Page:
Yeaton v. Lenox
32 U.S. 220 (1833)

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U.S. Supreme Court

Yeaton v. Lenox, 32 U.S. 7 Pet. 220 220 (1833)

Yeaton v. Lenox

32 U.S. (7 Pet.) 220

APPEAL FROM THE CIRCUIT COURT OF THE UNITED STATES

FOR THE COUNTY OF ALEXANDRIA IN THE DISTRICT OF COLUMBIA

Syllabus

Motion to dismiss an appeal. A decree was pronounced by the District Court of the United States for the District of Alexandria in December, 1829, from which the defendants appealed, but did not bring up the record. At January term, 1832, the appellees, in pursuance of the rule of court, brought up the record and filed it, and on motion of their counsel the appeal was dismissed. On 9 March, 1832, a citation was signed by the chief justice of the court for the District of Columbia citing the plaintiffs in the original action to appear before the Supreme Court, then in session, and show cause why the decree of the circuit court should not be corrected. A copy of the record was returned with the citation "executed" and filed with the clerk. By the Court. "The record is brought up irregularly, and the case must be dismissed."

The act of March, 1803, which gives the appeal from decrees in chancery, subjects it to the rules and regulations which govern writs of error. Under this act, it has been always held that an appeal may be prayed in court when the decree is pronounced. But if the appeal be prayed after the court has risen, the party must proceed in the same manner as had been previously directed in writs of error.

The Judicial Act directs that a writ of error must be allowed by a judge, and that the citation shall be returned with the record, the adverse party to have at least twenty days' notice. This notice, the Court understands, is twenty days before the return day of the writ.

MR. CHIEF JUSTICE MARSHALL delivered the opinion of the Court.

Page 32 U. S. 221

In this case, a decree was pronounced by the Court of the United States for the County of Alexandria in December, 1829, from which the defendants in that court appealed, but did not bring up the record. At January term, 1832, the appellees, in pursuance of a rule of this Court, brought in the record, filed it, and moved that the suit should be dismissed. The court ordered a dismissal. On 9 March, 1832, a citation was signed by the Chief Justice of the court for the District of Columbia, citing the plaintiffs in the original action to appear before the Supreme Court, then in session, and show cause why the decree of the circuit court should not be corrected. A copy of the record was returned with this citation "executed," and filed with the clerk. The appellees move to dismiss the suit because the record has been irregularly brought up.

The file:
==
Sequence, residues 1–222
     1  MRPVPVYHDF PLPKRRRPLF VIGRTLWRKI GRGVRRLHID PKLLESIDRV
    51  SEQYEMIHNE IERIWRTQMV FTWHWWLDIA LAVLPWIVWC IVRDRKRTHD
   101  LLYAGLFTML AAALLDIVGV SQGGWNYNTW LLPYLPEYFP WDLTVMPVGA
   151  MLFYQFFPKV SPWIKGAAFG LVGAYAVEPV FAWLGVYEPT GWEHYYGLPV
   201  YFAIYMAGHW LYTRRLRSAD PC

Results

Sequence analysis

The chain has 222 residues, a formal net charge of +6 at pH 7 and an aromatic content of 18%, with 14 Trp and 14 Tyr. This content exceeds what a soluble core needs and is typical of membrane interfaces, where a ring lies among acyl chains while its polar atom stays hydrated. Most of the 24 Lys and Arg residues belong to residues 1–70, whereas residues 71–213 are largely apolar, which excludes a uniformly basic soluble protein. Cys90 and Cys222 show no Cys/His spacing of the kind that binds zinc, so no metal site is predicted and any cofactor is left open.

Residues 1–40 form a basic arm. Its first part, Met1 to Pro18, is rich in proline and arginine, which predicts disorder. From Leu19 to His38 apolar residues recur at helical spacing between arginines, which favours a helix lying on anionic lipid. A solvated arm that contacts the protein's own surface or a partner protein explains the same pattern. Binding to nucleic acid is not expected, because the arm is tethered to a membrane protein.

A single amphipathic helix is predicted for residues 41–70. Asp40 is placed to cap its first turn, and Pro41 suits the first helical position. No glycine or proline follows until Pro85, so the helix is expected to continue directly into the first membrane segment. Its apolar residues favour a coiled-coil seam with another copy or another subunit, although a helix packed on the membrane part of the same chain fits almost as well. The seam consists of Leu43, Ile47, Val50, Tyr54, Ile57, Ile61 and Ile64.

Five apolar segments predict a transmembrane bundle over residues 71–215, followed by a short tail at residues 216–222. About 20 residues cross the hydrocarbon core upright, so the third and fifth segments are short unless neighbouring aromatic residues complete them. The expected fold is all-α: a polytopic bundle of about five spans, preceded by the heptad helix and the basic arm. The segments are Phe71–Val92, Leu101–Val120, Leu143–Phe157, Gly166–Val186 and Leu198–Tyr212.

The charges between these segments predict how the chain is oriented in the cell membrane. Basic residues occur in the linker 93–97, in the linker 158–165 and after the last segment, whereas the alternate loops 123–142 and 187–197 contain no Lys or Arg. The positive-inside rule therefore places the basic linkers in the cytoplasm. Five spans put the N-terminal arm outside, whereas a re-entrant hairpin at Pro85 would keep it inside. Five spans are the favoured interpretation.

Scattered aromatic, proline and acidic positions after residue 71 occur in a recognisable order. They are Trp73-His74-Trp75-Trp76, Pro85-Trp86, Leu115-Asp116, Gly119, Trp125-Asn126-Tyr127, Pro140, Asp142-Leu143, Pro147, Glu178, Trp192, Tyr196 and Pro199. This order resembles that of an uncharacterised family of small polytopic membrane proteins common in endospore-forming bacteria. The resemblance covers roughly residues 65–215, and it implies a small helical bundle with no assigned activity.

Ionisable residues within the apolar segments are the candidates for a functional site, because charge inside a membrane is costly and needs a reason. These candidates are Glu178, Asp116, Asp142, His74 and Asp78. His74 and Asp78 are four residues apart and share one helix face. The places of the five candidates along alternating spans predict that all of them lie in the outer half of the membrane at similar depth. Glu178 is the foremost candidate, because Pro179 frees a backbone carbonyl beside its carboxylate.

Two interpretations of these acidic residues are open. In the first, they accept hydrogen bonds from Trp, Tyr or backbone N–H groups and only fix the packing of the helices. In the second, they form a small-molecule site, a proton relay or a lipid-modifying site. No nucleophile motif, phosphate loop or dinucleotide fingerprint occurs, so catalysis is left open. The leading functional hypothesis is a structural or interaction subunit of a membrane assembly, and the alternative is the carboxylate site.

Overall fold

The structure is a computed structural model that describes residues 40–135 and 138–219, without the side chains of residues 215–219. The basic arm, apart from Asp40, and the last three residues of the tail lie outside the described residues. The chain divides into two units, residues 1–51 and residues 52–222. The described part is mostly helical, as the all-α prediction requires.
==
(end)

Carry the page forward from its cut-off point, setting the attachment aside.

The Act of March, 1803, which gives the appeal from decrees in chancery, subjects it to the rules and regulations which govern writs of error. Under this act, it has been always held that a decree may be prayed in court when the decree is pronounced, but if the appeal be prayed after the court has risen, the party must proceed in the same manner as had been previously directed in writs of error. The Judiciary Act directs that a writ of error must be allowed by a judge, and that a citation shall be returned with the record, the adverse party having at least twenty days' notice. This notice, we understand, is twenty days before the return day of the writ of error. In this case, the appeal is not allowed by the judge, and the citation is to appear before the court then sitting. The record is brought up irregularly, and the cause must be

Dismissed.

On consideration of the rule granted in this cause and of the arguments of counsel, as well for the appellants as for the appellees, thereupon had, after mature deliberation, it is the opinion of this Court that the record is brought up irregularly, and that this appeal should be dismissed, whereupon it is ordered and decreed by this Court that the appeal be and the same is hereby dismissed with costs.

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